Kirk says he believes he has not mastered taking care of his own people enough, their experiences and all those things. He willingly uses that money and uses it to better care of his people he has now, rather than to get more.

There’s nothing wrong with spending money on advertising, but you need to get the experience where it needs to be before shifting focus on getting massive amounts of new people.

Think of it like this: Facebook can shut you down at any point. Google can shut you down at any point. twitter can shut you down. There have been people that had their entire businesses collapse in hours because their platform got shut down. That to us is super scary. 

The one thing my wife Jocelyn and I sought out when we got into entrepreneurship was able, predictable income. That is usually what people consider the trade-off.

Memberships and monthly recurring revenue fixes that!

I control my website and membership. I can lose all my social media tomorrow and I can still make the same about of money.

Don’t build your business on ads, use the ads to fuel the growth of the future part of your business.


Find your point of lead resistance.

I have found through our funnels that everyone has a point of least resistance and everyone’s is different.

There’s two points of least resistance:

  1. The point that your avatar and your members join.

  2. The point that causes you least the amount of problems.

Some memberships I’ve seen let people in for free up front and it crushed their community and killed their retention. It flooded people in and simply went too fast.

Kirk’s works though because he gains trust from people first!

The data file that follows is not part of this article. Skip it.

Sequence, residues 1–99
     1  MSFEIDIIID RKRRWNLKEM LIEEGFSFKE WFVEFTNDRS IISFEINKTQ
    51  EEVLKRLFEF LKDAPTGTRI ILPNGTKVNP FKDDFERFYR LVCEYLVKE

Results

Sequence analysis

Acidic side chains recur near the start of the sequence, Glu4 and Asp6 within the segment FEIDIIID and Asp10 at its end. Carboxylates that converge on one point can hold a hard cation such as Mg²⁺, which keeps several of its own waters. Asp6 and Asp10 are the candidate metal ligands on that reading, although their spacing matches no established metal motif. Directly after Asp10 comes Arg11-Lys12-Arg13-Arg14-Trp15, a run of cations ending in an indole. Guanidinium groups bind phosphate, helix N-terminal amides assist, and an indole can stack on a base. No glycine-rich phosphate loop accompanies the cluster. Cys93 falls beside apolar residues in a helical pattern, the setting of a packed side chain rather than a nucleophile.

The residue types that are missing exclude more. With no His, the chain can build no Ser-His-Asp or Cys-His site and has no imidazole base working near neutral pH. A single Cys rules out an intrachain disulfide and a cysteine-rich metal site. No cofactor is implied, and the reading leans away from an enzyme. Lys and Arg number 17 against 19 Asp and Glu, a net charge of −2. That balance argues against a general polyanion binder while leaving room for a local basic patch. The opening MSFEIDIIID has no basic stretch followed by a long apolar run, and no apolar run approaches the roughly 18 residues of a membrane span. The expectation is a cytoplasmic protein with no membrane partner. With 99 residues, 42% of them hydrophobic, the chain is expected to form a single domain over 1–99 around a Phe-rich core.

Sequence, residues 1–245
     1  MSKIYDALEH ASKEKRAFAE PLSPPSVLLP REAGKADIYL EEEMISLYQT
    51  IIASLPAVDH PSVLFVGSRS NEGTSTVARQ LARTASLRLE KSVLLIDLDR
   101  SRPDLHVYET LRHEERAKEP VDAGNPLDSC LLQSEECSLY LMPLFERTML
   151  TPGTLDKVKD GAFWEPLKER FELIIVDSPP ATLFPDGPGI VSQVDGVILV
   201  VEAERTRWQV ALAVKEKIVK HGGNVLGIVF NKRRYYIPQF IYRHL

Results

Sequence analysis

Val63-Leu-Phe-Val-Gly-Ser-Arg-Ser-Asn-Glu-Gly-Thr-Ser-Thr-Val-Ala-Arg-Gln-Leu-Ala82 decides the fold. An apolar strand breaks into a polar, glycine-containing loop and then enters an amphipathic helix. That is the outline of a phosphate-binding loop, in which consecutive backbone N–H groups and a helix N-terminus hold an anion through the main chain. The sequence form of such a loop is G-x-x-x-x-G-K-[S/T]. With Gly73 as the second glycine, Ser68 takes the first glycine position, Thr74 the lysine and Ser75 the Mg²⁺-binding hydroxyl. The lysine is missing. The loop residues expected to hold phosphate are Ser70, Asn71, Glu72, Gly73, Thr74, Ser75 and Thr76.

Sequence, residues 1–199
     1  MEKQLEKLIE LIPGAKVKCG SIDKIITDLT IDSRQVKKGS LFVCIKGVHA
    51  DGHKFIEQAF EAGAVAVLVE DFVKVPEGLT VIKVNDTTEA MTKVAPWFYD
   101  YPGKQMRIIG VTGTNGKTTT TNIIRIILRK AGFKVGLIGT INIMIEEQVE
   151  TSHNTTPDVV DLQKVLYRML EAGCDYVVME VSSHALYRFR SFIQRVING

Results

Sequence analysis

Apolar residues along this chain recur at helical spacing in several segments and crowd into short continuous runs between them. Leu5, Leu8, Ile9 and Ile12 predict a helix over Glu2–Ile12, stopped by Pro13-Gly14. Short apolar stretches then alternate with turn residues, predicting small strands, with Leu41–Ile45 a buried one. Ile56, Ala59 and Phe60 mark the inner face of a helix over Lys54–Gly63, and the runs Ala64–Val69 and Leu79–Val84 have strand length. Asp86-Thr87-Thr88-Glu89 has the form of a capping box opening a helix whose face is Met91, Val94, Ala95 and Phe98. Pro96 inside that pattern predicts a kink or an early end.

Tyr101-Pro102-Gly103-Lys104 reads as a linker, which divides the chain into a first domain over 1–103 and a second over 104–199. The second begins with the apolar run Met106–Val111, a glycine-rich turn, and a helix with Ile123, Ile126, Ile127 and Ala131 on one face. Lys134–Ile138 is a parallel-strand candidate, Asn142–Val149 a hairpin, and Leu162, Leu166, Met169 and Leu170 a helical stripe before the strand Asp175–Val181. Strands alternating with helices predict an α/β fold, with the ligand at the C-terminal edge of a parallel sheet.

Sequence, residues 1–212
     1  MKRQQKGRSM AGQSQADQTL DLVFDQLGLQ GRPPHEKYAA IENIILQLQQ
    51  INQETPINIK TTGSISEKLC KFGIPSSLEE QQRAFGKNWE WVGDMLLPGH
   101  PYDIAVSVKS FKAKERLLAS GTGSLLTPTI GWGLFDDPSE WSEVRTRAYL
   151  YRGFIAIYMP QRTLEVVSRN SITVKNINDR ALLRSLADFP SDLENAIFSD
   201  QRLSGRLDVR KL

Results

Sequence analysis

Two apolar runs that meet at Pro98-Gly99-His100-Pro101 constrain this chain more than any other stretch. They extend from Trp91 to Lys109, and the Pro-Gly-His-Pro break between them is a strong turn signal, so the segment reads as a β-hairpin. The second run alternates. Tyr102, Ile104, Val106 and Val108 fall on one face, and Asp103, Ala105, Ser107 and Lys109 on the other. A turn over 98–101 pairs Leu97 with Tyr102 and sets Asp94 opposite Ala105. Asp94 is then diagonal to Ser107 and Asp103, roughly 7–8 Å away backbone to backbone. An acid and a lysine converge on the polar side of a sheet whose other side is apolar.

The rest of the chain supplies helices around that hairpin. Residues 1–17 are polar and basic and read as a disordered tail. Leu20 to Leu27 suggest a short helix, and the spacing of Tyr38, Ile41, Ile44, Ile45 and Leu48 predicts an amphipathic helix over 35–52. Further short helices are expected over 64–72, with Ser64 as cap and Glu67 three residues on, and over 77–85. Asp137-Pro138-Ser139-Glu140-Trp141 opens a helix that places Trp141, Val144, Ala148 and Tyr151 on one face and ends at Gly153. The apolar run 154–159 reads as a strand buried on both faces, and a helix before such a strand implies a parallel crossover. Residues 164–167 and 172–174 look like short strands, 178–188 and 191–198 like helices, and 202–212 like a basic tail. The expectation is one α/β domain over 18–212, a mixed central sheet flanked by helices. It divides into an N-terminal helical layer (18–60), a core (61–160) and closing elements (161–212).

Jason Brown (from The Brown Report) were talking a few years ago. He was talking about using join fees. Because he was having the same problem as Kirk but in reverse. He was letting all these people int his membership and they were shady, they were the ones causing all this mistrust in Jason and Kirk’s industry. He had to balance out this point of least resistance by adding a pretty hefty join fee, before that person could get into the community and membership.

If your community is right when trolls come in, your members will shut them down before you even know it, just like Kirk’s do!


How to price your membership.

Kirk has two tiers of membership:

  • Pro ($99/mo)

  • Elite ($299/mo, about to change to $799/mo)

Kirk believes that if he keeps his pricing super competitive and value, and add more tools it will make his stick rate incredibly high.

Ex. Amazon Prime. When Amazon Prime launched they were $99/month. They really haven’t increased the price of Prime but they have added a ton of new features. 

That type of philosophy is very attractive. It also works for a lot of people and makes the stick rate higher as time goes on.


Promotions may not be best for your membership.

I don’t care how much water you pour into a bucket. If it has holes in it, you won’t keep any of the water. Think of your membership that way. If your membership has holes in it you’re just going to keep draining it.

This is why kirk worries about throwing a bunch of money into ads. There are tons of things that he doesn’t know that he doesn’t know yet.